Tom Fischl July 23, 2013 at 09:04 AM
The Evanston City Council voted 6-3 last night to reject the proposal by the Pritzkers to purchase city property. It was reported that last nights meeting had the largest citizen turn out in Council history. The debate ended before it began as you can read from the Evanston Now article. The real story is in the details and what has been exposed from last night (by me, not the media). Alderman Wilson (an attorney) admitted that the conversation about the sale of the beachfront property was conducted behind closed doors which blatantly violated the Open Meetings Act of Illinois. For the last 20 years, Evanston has invoked one of the exemptions to the law whereby negotiating real estate can be conducted behind closed doors and hidden from public scrutiny. Since every controversial thing Evanston has done involves real estate, every conversation has been conducted behind closed doors. The Illinois Attorney General has concluded that Evanston has illegally invoked the statute on numerous occasions and we can now add the mansion sale to the list. It makes perfect sense for the city of Evanston to negotiate behind closed doors when the city is looking to purchase property. Any public knowledge of a potential sale to the city will undoubtedly inflate the price of the property. However once the property is purchased by the city, then the conversation needs to come back to the public realm which has never happened in Evanston. It does not make sense however, for the city of Evanston to negotiate the sale of public property behind closed doors. The more people who know about the sale, the higher the bid would go which benefits the taxpayers. I also believe that public scrutiny would make the projects better (I trust the people more then I trust the Government). Arthur Hill and the Pritzkers were specifically selected to receive taxpayer subsidies (in one form or another) and no other developer or hotel operator ever had a fair chance to compete. That is why these negotiations went behind closed doors. I do believe that what happened at last nights Evanston City Council meeting will change Evanston forever as the Government has dug themselves in to a hole they can’t get out of. The trust is lost. I am SO proud of my Evanstonians for coming out last night and sending such a powerful message. Ever since the city of Evanston was caught red-handed trying to steal property from the Peter Jans Golf course last year (which is why the Parks & Recreation Director is leaving), the momentum has shifted. Maybe now Evanston can be returned to its citizens where it belongs – in my opinion.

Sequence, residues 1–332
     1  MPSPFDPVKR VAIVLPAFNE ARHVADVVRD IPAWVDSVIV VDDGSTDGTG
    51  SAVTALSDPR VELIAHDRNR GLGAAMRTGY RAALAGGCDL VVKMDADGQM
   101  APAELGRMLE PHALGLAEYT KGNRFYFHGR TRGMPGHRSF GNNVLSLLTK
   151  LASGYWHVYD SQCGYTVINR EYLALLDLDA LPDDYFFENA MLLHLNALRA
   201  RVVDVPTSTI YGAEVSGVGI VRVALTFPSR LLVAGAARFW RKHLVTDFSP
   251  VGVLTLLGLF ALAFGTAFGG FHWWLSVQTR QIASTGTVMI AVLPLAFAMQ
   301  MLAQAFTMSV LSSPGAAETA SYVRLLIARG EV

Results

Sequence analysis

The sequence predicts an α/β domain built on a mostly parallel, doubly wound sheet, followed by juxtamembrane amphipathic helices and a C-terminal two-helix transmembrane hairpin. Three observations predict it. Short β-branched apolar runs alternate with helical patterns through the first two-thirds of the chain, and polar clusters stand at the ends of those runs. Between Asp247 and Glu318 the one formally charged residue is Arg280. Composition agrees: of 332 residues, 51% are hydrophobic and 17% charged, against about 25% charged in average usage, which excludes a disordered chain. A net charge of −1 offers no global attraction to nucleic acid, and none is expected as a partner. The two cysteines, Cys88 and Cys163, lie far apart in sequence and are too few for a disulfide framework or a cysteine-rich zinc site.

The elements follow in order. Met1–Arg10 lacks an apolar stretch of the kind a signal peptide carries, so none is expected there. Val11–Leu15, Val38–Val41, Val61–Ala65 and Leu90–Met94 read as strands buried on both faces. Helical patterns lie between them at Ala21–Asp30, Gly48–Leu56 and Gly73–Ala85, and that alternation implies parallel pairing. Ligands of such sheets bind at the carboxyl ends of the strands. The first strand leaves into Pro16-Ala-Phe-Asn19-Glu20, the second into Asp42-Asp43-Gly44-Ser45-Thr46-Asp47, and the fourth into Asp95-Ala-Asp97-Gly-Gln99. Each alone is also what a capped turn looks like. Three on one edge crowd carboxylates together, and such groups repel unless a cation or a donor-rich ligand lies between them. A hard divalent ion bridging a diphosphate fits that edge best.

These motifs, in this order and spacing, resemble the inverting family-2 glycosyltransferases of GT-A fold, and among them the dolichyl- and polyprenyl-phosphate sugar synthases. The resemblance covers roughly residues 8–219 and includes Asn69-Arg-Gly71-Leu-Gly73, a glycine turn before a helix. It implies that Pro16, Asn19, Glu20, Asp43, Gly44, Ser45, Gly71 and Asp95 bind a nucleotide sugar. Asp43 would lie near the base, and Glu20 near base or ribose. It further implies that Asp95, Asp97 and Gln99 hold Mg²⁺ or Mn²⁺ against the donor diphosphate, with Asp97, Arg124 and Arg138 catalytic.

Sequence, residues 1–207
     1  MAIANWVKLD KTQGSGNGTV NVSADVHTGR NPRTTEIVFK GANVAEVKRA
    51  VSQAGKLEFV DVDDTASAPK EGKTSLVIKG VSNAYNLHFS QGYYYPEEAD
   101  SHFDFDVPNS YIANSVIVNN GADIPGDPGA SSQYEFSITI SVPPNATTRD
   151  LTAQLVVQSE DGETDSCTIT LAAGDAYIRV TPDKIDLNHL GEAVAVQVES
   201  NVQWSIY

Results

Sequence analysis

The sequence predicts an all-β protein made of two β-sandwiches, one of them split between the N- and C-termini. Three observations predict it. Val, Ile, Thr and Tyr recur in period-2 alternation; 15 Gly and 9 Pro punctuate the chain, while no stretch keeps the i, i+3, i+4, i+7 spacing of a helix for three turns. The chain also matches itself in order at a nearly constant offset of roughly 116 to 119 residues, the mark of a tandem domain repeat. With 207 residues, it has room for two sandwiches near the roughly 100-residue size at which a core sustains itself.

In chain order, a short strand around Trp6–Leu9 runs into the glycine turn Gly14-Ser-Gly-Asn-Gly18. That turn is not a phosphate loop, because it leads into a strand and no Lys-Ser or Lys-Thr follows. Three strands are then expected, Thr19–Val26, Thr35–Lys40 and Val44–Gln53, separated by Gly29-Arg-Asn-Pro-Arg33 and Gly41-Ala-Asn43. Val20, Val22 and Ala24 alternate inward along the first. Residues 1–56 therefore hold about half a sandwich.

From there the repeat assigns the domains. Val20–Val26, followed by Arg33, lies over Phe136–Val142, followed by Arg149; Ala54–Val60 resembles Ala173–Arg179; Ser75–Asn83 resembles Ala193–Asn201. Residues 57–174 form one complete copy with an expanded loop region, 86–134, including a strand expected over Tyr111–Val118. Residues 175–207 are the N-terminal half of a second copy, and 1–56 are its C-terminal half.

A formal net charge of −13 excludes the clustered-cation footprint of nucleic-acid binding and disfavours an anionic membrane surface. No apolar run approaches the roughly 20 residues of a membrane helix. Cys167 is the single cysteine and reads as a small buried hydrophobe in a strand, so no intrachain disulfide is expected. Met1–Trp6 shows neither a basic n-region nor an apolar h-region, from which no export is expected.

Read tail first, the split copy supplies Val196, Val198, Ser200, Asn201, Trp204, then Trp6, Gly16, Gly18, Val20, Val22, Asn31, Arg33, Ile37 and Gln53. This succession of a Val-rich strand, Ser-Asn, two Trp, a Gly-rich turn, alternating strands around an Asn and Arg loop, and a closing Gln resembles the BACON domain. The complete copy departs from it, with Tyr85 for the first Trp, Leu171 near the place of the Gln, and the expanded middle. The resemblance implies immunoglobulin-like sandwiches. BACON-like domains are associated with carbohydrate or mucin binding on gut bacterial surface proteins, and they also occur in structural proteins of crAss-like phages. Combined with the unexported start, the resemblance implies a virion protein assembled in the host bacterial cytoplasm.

ereality July 23, 2013 at 11:36 AM
Last night at the Council meeting, Alderman Jane Grover of the 7th Ward added that she was disturbed by the amount of "incivility." “It’s hard to get the good nuggets when clouded by insult,” she said. Nuggets? How about the giant BOULDER you and some of your esteemed colleagues missed when your constituencies told you how they felt and you chose to ignore many of them and play poker? And speaking to "incivility"; it's a two way street. Perhaps Ald. Grover should have listened to and addressed/answered too the citizens of her ward first. Perhaps they would have not been so "uncivil"! And, too bad Grover did not look directly at Ald. Ann Rainey when she spoke of incivility!
Resident Citizen July 23, 2013 at 01:06 PM
Art's center needs new home. Mansion needs $430,000 just to get it up to code. Who is going to foot this bill? This was a bad protest based on not having all of the facts. I live within a few blocks of the park and was rooting that that property would have been restored to its former glory. The protest signs said "Parks are for people, not for profit" That doesn't even make sense as the property is currently rented out for $1 per year, so in theory it is private property already. Prizker was going to put $22 million into the home, would have been a feather in the cap for Evanston. Shame.
elizabeth July 23, 2013 at 01:07 PM
Hurrah for our voices being heard!!
Jane July 23, 2013 at 01:47 PM
Too bad. I think it would have been a nice asset to the community. I hope the same people who lobbied against this won't complain as we watch the building sit empty and slowly deteriorate, or complain as their taxes are raised to fund renovation for yet another historical museum whose hours are so limited it surely cannot make enough money to fund its upkeep.
Jim July 23, 2013 at 02:11 PM
I always thought that elected officials were to REPRESENT their constituent's wishes and views, not initiate actions regardless of their constituent's views and wishes. Maybe not in Evanston.